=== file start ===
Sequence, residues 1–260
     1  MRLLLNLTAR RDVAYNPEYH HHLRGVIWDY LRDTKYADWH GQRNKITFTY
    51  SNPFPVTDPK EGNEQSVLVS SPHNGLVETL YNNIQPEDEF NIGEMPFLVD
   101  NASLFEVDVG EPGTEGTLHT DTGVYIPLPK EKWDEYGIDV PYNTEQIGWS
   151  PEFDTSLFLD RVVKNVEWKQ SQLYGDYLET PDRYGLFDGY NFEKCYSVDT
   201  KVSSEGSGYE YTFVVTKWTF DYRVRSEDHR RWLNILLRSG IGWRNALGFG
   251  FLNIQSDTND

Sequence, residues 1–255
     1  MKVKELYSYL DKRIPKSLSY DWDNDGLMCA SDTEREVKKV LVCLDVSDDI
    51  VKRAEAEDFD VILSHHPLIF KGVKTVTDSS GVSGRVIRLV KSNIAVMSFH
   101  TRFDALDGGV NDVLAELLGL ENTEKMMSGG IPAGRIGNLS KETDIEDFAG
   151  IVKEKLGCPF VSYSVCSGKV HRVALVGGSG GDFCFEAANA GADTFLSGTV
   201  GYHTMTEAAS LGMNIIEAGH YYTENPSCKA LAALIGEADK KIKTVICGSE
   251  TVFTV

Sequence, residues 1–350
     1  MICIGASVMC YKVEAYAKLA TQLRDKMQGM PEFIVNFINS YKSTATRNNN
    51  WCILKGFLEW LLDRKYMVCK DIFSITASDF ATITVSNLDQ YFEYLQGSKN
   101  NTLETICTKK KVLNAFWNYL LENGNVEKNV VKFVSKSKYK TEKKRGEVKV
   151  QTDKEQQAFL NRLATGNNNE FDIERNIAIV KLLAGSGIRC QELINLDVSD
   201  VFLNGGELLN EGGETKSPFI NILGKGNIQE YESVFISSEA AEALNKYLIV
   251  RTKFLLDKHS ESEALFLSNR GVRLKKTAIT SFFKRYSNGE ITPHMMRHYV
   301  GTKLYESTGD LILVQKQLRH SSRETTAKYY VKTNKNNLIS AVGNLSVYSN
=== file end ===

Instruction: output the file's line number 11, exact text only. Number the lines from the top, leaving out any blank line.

   101  TRFDALDGGV NDVLAELLGL ENTEKMMSGG IPAGRIGNLS KETDIEDFAG